"Shift" is the second book in the Silo series, which began with "Wool." In my opinion, the second book may not be as compelling as the first, but in a way it is more horrifying in its believability. The series ends with "Dust," which is now available for pre-order (coming out August 17 and I'm adding it to my summer reading list asap!).
"Shift" begins in 2039, three centuries before the story of Juliette and Silo 18 --- only 36 years from now. Through the eyes of a young congressman, Donald Keene, we learn how and why the silo system was created. Unwittingly, Keene becomes a party to an act of apocalyptic hubris that poisons Earth and destroys all life --- except the people in the silos.
How Keene begins to understand the scope of this horror, and how he responds, is one of the stories in "Shift." Keene's story intertwines with other plots that answer questions raised in "Wool":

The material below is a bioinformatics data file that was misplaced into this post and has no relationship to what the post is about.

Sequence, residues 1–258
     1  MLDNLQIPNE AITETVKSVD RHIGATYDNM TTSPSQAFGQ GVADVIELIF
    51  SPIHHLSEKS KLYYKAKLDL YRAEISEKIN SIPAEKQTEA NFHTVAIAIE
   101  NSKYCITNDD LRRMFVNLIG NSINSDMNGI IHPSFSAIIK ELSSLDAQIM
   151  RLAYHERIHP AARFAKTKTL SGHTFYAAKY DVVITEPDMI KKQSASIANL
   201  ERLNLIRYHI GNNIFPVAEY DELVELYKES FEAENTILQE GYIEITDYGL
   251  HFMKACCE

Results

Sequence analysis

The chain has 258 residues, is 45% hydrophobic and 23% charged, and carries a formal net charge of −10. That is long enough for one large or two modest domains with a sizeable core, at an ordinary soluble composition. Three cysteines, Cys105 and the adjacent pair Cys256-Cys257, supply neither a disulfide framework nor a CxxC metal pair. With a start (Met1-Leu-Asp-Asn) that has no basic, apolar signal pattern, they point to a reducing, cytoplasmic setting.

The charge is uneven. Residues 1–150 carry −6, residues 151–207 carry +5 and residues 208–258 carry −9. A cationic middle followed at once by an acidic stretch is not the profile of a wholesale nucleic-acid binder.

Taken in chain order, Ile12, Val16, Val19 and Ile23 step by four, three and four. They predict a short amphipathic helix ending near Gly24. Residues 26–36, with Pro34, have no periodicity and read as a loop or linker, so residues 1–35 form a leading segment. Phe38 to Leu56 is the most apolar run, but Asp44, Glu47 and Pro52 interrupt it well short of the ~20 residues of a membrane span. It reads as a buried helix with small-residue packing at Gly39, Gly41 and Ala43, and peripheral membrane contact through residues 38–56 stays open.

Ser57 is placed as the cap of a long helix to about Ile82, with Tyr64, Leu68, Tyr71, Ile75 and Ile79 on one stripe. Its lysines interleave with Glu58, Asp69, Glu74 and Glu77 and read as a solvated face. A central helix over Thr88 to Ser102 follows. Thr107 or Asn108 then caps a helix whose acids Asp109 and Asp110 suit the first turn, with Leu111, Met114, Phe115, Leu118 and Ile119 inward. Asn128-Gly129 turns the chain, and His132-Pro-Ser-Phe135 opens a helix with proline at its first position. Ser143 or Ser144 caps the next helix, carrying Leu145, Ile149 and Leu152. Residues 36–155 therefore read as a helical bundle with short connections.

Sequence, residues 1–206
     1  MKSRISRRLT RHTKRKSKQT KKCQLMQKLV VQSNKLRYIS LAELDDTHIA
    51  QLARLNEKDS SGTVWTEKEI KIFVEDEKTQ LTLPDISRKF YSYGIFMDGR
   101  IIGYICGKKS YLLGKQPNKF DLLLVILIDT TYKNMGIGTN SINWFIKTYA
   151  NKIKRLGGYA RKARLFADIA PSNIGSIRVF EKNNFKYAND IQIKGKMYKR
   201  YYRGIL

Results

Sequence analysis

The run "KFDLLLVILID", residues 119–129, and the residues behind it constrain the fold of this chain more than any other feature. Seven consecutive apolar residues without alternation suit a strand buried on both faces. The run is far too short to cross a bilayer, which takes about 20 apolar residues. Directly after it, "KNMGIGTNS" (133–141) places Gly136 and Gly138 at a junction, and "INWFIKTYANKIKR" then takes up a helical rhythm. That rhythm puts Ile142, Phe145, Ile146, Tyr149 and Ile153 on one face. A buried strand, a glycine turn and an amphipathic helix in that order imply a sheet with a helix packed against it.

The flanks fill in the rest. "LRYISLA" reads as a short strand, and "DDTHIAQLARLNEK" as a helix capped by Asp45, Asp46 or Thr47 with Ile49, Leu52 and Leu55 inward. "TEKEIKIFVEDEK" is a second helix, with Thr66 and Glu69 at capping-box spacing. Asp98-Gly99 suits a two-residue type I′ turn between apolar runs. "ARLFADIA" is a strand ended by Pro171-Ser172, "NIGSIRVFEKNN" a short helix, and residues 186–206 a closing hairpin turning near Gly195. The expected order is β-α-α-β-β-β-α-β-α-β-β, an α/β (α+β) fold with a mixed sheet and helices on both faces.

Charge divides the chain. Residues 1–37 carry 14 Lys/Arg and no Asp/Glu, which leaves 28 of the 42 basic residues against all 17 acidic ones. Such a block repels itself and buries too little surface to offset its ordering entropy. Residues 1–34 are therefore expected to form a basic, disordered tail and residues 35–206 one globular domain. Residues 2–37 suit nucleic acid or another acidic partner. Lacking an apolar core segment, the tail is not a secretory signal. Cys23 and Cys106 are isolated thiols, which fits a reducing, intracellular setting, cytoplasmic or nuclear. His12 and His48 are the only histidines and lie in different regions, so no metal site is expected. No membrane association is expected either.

- What was the Great Uprising of Silo 18?
- How did the fall of Silo 17 come about, and how did Jimmy (Solo) survive?
- What was the purpose of Silo 1, and why was it different from the others?
Hugh Howey is a master at weaving all these plot threads together, and drawing rich characters that the reader cares about deeply. I found the timeline a bit confusing, but that is a minor criticism. I eventually drew my own, but a timeline in the book would have been a convenient reference --- especially when the action skips from one century to another.
Donald Keene is one constant through the time-jumping. Cryogenics have been perfected, so Keene is "thawed out" for his shift as the head of Silo 1, and periodically afterward to deal with crises such as the Great Uprising, and Juliette's escape and return to Silo 18. One man, three centuries. Ultimately, Keene (and Howey) leave us with one question: Was this world worth saving to begin with? Were we worth saving?